P&H HC | Commission reports are not adjudicatory in nature and have no binding force

Punjab and Haryana High Court

Punjab and Haryana High Court: This writ petition was filed before the Bench of Rajan Gupta, J., where he addressed five writ petition together which challenged the recommendations given by Zora Singh Commission Report and Ranjit Singh Commission Report where they had to inquire into the incidents of sacrilege and alleged role played by various person, the role of police officials who were alleged of improper and delayed investigation. Thereby, the petitioner prayed for quashing of the above two report’s recommendation.

There were three incident of alleged sacrilege relating to one sarup (set) of Guru Granth Sahib. Various protests were done which turned into major agitation leading to firing by police, as a consequence of which two people had died and few injured. On all three occasions, FIRs were filed. In aftermath of these incidents, the State Government formed Zora Singh Commission deriving its powers from the Commission of Inquiry Act, 1952. Later when elections took place new Government was formed which formed Rajan Singh Commission for an inquiry into the same matter as was inquired by Zora Singh Commission.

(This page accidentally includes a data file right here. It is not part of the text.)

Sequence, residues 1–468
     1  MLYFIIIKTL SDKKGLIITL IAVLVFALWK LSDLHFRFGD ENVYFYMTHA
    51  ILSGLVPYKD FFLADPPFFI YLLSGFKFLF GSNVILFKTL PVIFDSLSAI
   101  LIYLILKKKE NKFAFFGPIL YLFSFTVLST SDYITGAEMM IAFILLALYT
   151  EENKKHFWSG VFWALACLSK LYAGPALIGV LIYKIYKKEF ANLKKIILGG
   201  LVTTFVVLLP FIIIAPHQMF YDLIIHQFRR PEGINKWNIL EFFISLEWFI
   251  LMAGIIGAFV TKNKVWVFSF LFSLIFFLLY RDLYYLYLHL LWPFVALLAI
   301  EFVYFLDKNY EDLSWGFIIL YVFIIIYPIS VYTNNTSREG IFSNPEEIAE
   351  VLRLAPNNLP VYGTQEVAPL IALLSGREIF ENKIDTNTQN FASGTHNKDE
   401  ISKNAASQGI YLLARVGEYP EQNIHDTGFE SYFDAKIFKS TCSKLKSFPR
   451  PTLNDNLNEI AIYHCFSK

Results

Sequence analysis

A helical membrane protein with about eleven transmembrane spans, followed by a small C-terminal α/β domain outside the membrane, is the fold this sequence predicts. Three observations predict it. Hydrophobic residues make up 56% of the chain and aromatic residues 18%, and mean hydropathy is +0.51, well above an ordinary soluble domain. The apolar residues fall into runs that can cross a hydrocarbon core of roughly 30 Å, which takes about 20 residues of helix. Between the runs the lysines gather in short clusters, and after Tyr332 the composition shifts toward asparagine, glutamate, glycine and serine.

Petitioner contended that Section 7 of the Act was not complied according to which, a new commission for an inquiry could not have been created without de-notifying the Commission formed by the previous Government. Advocate General for State referred a case of Abhinandan Jha v. Dinesh Mishra, 1967 (3) SCR 668 and mentioned that the Court could not have interfered with the investigation being carried out or direct it to act in a particular manner.

High Court was of the view that SIT should not be swayed by the observations made by the Commissions. Observations of Commissions are meant only to instruct the mind of Government in order to prevent such incidents in the future. The SIT should conduct a fair, impartial and speedy investigation. It is to be remembered that Commission report are not adjudicatory in nature and have no binding force, is a settled law in light of the above-referred case of Abhinandan Jha. Therefore, this writ petition was dismissed with the aforementioned directions.[Charanjit Singh v. State of Punjab, 2019 SCC OnLine P&H 66, decided on 25-01-2019]

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